In the world where fast fashion dominates the industry, how challenging is to honour the very detailed craftsmanship going into your designs.
In my opinion, fast food and or fast fashion are not interesting and I refuse to think about how to make money out of something.

I am a slow cook and I feel, think and rethink again each and every step. Then, I reflect it to society but also to my origins and identity. It is as well very important that every part, every origin, every collaborator and primary material match – if not, I rather not do it. Money won’t have any influence on my creative process and its authenticity. However, I have to sell those very well thought, worked and loved pieces and I have to do it on a price that reflects that very special care, so we can keep going with this story.

Your work is not just about clothes, but it’s also a subtle dose of criticism of today’s society. In what ways do you believe fashion can challenge our current views?
I would bet on the fact that, at the moment, 80% of the brands and fashion companies are ruled by a very tight financial model that influence their creativity and choices. Their motor is based on moving money and they are part of a strong money circle.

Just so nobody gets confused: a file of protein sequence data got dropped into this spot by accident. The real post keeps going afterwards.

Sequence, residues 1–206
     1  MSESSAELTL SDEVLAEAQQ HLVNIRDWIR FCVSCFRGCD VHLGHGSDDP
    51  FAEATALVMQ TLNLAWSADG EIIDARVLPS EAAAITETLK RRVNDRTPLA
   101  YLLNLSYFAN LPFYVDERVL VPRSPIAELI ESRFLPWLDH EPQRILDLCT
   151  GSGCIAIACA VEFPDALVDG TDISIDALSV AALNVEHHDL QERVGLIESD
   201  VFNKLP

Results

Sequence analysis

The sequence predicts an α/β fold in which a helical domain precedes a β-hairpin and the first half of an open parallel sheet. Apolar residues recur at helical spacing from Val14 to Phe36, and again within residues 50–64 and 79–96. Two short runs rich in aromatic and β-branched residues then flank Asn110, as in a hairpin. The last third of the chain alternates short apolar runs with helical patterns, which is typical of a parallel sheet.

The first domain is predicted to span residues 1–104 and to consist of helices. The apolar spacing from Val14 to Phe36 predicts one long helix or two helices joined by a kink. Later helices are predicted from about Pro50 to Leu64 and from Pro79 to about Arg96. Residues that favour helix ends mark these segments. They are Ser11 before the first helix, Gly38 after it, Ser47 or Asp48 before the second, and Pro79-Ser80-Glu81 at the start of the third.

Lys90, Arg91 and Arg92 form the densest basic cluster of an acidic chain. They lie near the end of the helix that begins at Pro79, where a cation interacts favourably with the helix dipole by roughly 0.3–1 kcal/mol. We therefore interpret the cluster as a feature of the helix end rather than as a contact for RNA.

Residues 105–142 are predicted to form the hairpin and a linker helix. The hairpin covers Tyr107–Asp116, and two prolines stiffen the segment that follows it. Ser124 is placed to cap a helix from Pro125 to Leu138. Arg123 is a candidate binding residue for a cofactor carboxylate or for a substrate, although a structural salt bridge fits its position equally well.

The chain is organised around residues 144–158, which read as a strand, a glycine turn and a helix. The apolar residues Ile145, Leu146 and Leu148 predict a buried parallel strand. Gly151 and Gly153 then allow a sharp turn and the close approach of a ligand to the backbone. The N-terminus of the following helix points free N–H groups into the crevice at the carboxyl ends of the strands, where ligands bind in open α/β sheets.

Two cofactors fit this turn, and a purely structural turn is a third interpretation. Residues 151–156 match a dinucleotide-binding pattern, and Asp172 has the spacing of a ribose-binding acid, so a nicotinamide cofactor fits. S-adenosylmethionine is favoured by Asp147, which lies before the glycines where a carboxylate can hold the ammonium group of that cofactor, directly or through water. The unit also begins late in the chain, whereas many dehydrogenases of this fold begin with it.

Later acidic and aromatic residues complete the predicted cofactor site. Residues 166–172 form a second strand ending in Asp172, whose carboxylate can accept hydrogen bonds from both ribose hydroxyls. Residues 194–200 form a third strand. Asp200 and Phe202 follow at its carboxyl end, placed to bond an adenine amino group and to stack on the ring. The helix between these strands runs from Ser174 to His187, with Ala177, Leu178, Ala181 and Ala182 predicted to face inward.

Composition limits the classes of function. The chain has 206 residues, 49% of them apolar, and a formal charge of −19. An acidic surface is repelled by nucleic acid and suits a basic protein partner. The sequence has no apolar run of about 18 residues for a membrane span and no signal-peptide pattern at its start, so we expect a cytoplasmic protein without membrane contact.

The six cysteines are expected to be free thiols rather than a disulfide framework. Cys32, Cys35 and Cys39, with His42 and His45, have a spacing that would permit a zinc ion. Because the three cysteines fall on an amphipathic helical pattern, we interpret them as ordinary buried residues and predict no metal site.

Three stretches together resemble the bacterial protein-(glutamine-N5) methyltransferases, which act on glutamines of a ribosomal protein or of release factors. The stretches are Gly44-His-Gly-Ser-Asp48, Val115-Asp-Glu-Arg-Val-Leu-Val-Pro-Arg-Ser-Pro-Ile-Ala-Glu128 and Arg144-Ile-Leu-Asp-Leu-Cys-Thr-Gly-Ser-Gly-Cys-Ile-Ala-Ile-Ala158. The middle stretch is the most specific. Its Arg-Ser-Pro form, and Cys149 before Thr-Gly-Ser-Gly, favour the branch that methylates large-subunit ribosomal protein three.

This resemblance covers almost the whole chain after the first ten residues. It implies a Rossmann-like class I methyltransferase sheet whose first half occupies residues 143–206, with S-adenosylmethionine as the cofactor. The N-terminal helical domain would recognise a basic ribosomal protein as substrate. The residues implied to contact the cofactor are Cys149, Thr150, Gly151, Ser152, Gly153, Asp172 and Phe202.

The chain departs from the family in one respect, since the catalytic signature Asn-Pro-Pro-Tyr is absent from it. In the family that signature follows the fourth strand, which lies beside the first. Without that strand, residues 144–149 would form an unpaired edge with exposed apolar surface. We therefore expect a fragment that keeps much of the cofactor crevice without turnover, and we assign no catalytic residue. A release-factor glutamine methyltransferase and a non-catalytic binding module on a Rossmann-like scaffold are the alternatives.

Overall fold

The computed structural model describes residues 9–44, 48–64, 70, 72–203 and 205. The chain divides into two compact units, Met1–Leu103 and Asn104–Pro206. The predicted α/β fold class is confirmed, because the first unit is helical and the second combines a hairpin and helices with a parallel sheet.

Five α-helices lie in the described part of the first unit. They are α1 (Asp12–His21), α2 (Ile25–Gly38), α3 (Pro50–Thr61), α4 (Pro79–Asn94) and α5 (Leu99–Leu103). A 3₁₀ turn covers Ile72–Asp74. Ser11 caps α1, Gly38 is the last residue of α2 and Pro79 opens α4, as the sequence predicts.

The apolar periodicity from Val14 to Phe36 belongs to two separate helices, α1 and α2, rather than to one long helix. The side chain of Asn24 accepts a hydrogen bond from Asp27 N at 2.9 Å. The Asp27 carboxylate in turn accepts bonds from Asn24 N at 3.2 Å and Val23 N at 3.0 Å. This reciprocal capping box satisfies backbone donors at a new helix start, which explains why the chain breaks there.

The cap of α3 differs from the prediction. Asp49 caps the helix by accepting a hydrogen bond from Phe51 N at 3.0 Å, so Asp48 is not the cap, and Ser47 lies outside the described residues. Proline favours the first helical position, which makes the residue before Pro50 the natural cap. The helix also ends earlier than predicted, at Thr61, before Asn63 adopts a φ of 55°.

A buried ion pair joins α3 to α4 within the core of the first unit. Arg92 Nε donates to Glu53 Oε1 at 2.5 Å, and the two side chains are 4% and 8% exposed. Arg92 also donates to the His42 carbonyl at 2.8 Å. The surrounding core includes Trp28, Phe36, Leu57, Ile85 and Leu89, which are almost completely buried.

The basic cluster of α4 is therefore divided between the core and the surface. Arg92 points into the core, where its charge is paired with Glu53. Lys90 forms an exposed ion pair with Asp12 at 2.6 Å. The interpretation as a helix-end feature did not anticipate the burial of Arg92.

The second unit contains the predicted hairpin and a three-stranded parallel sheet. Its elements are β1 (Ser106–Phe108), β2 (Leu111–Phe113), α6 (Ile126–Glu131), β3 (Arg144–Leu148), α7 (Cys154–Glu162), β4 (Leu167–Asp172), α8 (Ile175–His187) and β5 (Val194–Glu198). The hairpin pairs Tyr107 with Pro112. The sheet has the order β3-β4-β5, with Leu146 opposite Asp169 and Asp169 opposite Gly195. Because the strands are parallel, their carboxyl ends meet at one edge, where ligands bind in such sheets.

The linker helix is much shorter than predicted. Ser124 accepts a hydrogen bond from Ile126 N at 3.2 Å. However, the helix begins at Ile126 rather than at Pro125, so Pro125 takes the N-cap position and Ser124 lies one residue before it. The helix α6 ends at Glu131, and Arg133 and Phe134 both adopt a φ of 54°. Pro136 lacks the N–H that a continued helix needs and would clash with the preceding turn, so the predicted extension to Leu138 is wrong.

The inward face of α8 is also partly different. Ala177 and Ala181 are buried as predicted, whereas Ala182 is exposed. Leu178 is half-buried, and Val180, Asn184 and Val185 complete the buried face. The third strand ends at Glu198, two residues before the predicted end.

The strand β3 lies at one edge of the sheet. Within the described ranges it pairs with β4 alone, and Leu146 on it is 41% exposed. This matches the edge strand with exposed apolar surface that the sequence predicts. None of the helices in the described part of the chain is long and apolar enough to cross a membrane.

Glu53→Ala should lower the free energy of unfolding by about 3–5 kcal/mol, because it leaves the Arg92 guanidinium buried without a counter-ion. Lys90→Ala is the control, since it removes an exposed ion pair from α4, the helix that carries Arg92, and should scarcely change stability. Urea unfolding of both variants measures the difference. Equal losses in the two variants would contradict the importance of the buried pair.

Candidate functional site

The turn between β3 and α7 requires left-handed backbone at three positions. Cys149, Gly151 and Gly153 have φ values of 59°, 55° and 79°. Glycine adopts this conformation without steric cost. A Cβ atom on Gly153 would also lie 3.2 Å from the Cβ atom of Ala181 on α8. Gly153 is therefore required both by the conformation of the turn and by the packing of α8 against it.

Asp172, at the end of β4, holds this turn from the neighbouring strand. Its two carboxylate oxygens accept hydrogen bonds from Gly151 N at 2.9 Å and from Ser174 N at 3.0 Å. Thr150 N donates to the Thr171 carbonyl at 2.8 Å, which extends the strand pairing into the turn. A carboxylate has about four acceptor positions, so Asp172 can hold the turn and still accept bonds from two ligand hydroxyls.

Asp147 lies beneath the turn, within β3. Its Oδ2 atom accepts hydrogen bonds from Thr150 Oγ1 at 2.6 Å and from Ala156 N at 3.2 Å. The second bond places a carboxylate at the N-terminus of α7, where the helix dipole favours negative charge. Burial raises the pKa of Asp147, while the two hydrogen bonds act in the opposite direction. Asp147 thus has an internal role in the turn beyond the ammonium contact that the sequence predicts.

Witnessing those moves, I am wondering where the statement is, where are authenticity, creativity and evolutionism and why we should be part of it. Does our work help the world to evolve in any way? Does it help anyone? Does it make anybody really happy and does that feeling stands and stays? Does it make sense? Those are the questions I’d rather focus on. I really question myself about this and I challenge myself to replies. And yes I believe what we do at BBS makes sense, because it is manufactured by people who love what they do and how they do it and with primary material and a production process that supports local handcrafting and knowledge. The energy around our garments is strong and real and this is why it is sustainable: because it stands for its authenticity.